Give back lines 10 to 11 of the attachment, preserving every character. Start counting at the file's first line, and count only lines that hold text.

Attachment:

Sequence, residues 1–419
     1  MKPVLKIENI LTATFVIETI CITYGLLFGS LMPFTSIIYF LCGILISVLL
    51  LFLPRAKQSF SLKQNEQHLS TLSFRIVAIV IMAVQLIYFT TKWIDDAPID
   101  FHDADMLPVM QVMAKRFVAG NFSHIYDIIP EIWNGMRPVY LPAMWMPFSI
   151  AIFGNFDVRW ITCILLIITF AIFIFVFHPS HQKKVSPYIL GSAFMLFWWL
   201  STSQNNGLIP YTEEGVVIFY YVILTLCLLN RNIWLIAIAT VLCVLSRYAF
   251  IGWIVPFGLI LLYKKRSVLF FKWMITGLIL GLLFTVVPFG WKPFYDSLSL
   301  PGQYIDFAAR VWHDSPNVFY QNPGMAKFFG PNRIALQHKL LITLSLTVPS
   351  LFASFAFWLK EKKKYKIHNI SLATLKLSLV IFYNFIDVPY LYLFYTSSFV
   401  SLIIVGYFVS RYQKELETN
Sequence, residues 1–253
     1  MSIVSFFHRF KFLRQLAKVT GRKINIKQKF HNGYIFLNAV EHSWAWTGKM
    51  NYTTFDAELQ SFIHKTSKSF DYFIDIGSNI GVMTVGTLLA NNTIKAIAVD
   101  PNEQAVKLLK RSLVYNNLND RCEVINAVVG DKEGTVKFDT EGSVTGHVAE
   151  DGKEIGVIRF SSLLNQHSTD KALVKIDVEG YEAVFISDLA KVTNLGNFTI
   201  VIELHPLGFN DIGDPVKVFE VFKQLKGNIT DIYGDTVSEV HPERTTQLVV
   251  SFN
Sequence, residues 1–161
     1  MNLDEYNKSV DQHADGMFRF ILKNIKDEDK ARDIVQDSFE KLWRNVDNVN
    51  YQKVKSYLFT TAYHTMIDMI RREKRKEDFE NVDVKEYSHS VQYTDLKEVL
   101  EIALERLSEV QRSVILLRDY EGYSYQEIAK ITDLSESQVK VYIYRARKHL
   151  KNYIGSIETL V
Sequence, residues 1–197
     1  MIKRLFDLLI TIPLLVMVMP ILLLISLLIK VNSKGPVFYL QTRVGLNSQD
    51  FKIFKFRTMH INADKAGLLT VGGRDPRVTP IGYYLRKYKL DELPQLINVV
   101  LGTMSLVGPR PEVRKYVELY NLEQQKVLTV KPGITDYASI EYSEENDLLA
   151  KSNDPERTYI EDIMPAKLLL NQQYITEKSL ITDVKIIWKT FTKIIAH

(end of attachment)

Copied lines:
   401  SLIIVGYFVS RYQKELETN
Sequence, residues 1–253